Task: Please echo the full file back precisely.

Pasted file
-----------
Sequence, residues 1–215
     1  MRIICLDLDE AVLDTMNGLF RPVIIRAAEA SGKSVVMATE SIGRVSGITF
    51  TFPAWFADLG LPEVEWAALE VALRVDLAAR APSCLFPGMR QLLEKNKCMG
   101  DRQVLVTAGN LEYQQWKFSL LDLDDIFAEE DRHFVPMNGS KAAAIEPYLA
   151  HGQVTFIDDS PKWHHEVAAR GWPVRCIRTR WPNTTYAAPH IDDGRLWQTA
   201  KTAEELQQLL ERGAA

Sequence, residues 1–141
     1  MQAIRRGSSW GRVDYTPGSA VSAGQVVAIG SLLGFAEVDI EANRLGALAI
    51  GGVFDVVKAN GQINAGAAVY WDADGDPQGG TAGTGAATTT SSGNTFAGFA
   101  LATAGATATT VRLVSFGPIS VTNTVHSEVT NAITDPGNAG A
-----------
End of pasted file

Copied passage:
Sequence, residues 1–215
     1  MRIICLDLDE AVLDTMNGLF RPVIIRAAEA SGKSVVMATE SIGRVSGITF
    51  TFPAWFADLG LPEVEWAALE VALRVDLAAR APSCLFPGMR QLLEKNKCMG
   101  DRQVLVTAGN LEYQQWKFSL LDLDDIFAEE DRHFVPMNGS KAAAIEPYLA
   151  HGQVTFIDDS PKWHHEVAAR GWPVRCIRTR WPNTTYAAPH IDDGRLWQTA
   201  KTAEELQQLL ERGAA

Sequence, residues 1–141
     1  MQAIRRGSSW GRVDYTPGSA VSAGQVVAIG SLLGFAEVDI EANRLGALAI
    51  GGVFDVVKAN GQINAGAAVY WDADGDPQGG TAGTGAATTT SSGNTFAGFA
   101  LATAGATATT VRLVSFGPIS VTNTVHSEVT NAITDPGNAG A